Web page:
How finance could and should be a tool for good
Though it seems incredible, we’ve learned that there are some among us who have managed to skate by, oblivious to the numerous and systemic obstacles women face in their professional lives. This year is shaping up to be a reckoning. But broad discussions of the discrimination and barriers women face have been a consistent part of at least some of the media landscape over the past forty years; why are we only now starting to be heard? Many factors are certainly at play, but I wonder how much of our recent progress is due to women finally seeing ways to color outside the lines, to avoid having to play by someone else’s rules.
The Sufi mystic and poet Rumi wrote, “Everyone has been made for some particular work and the desire for that work has been put into every heart.” My path to finance has not been unusual; throughout my childhood, my parents ran an investment management and brokerage firm, so I quite literally grew up in the industry. Instead of taking this for granted, however, it helped me – as Rumi says – to find my particular work. Watching and admiring the dedication my parents put into their business and their careers showed me the value of entrepreneurship, independence, and of planting a garden, digging in, and tending it. I’m grateful for the lessons in responsibility, hard work, and drive that have been ingrained in me, and early on it became obvious to me that finance could – and should – be a tool for good. By the age of thirteen I was fascinated by the possibilities of angel investing; I am now the President of Saturna Capital, a socially responsible asset manager in Bellingham, Washington.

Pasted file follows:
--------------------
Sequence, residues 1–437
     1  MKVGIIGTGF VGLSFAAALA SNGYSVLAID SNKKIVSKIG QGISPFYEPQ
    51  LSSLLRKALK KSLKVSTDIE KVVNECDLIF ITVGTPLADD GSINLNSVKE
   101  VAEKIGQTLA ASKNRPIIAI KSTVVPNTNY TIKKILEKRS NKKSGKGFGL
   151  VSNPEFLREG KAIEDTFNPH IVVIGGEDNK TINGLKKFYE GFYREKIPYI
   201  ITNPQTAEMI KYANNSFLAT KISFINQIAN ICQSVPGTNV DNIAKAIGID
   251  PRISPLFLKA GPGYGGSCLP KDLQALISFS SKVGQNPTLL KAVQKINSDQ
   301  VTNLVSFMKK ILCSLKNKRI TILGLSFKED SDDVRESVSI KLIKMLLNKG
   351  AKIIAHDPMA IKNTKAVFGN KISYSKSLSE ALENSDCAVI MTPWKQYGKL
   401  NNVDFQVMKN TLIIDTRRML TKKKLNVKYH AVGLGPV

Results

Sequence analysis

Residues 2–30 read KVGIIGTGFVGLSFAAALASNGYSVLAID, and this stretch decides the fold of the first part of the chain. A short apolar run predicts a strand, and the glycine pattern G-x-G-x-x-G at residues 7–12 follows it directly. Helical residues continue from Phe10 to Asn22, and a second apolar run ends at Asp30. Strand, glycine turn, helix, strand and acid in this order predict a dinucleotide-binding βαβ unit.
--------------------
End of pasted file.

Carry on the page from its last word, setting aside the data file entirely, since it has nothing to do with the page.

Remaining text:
I’m aware that growing up within the industry puts me in a much different position than the many women trying to break in from the outside, but I do believe that everyone has an opportunity to plant their own garden. Technology has made it possible for anyone to raise her voice, find support, and connect with those others out there who get it. Staying true to core beliefs, being unafraid to carve out a non-traditional niche, and tending carefully to the surrounding community have been huge factors to my, and to Saturna’s, success. I also believe that with every challenge comes the opportunity to find a creative solution. Instead of playing by someone else’s rules we now, more than ever, have the opportunity to strike out and lead outside of any traditional framework – and specifically seeking those opportunities should be a personal mandate for all. It will ultimately be the diversity of our experience, and of our expertise, that makes our industry richer overall.
SOURCE: GreenMoney Journal
by Jane Carten, President and Director, Saturna Capital
Read Jane’s complete article here – http://greenmoneyjournal.com/women-in-finance-plant-your-garden-and-tend-it/
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Cliff Feigenbaum, founder and managing editor
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